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The IMF’s new managing director, Kristalina Georgieva, put climate change high up on the agenda at this year’s annual meetings in Washington, saying the fund is getting ready to incorporate environmental risk into its economic analysis.

“The IMF is gearing up very rapidly to integrate climate risks in our surveillance work,” she said. “When we are working in countries that are either big emitters of carbon, and therefore need to transition, or are at high risk of carbon shocks, there is no way to address the fundamentals of their economies without looking at these climate risks.”

Integrating climate change into its assessments would help the IMF understand the challenge at hand and create incentives for moves in the right direction, according to Nick Stern, chair of the Grantham Research Institute on Climate Change and the Environment. The IMF’s surveillance of different countries culminate in ‘Article IV’ consultations, where a team of economists visits a country to discuss economic and financial developments.

Scared Central Banks Face Up to Threats From Climate Change

The fund is already incorporating environmental factors into its analysis of higher-risk countries and would like to make it routine, Georgieva said. Her comments -- while speaking on a panel about central banks and climate change Wednesday -- come as a global political movement against global warming is gaining steam. An IMF report published last week called climate change a crisis that requires immediate action from all levels of government.

Central banks have increasingly entered the debate, particularly through their membership of the Network for Greening the Financial System, which promotes sustainable growth. As part of its work for the group, the Bundesbank will publish a handbook on the role of monetary authorities in fostering the greening of financial markets at the meetings this week.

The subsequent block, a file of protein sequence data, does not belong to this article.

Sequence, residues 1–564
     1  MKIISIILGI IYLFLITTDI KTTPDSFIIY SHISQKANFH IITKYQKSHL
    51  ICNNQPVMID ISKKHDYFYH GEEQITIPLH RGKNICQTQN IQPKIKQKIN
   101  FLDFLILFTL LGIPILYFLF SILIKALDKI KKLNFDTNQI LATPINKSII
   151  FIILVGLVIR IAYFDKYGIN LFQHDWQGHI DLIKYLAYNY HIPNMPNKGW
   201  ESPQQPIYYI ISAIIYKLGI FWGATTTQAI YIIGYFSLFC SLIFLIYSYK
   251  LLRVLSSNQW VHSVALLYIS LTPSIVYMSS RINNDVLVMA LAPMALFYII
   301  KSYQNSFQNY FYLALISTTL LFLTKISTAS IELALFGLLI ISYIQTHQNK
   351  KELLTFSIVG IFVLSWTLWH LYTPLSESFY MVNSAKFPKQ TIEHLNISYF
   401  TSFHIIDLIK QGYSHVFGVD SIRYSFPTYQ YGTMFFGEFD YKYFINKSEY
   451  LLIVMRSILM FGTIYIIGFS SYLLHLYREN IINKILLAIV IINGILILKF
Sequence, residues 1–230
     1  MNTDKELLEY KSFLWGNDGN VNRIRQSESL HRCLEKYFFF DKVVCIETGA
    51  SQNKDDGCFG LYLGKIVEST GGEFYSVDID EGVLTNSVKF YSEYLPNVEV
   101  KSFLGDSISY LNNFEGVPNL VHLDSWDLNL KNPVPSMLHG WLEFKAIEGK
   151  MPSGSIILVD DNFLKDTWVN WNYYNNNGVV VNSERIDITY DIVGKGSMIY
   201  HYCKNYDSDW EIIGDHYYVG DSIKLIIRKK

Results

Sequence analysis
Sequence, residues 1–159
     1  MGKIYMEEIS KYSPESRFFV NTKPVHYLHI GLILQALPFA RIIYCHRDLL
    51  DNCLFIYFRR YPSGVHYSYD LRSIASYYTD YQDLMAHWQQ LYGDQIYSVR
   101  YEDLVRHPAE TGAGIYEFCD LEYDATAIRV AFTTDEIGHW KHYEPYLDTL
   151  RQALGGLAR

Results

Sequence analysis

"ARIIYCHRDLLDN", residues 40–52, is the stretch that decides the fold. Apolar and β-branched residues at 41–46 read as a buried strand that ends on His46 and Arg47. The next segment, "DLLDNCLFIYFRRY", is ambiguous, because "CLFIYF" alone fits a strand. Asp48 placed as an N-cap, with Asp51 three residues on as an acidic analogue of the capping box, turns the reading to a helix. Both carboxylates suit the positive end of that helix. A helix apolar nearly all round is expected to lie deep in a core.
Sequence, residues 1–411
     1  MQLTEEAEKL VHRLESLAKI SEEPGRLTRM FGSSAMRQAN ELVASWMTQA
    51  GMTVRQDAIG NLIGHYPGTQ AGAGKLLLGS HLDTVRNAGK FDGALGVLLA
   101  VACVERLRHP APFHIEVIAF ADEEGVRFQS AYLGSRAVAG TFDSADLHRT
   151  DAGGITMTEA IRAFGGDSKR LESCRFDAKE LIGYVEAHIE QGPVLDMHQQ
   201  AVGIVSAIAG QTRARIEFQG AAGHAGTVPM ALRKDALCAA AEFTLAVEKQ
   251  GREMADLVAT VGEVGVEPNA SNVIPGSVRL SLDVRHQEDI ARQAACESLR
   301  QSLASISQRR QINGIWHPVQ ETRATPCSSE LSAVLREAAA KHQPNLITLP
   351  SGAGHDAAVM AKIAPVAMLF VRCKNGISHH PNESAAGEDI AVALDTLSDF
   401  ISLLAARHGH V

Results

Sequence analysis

Asked whether central banks are ready to tackle climate-related challenges, Georgieva said that most agree on the need for disclosure and stress testing for environmental risks. How much central banks can actually use their tools to foster green investments and whether disclosure should be mandatory are more controversial areas, she said.

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Georgieva’s predecessor, Christine Lagarde, has also pledged to make climate change a core part of her work as President of the European Central Bank, a job she starts at the beginning of November.

Asked whether climate-related risks were really within the ECB’s mandate, Chief Economist Philip Lane said “to deliver our core mandate, we absolutely have to be involved,” highlighting that weather shocks are already an important source of economic volatility in Europe.

“This is now a category of risk that absolutely needs to be front and center in our work,” Georgieva said. “The criticality of addressing climate change for financial stability, for making sure that we can have sustainable growth, is so very clear and proven today that no institution, no individual can stand back from the responsibility to act.”

To contact the reporter on this story: Jill Ward in London at jward98@bloomberg.net

To contact the editors responsible for this story: Fergal O'Brien at fobrien@bloomberg.net, Robert Jameson, Tony Czuczka

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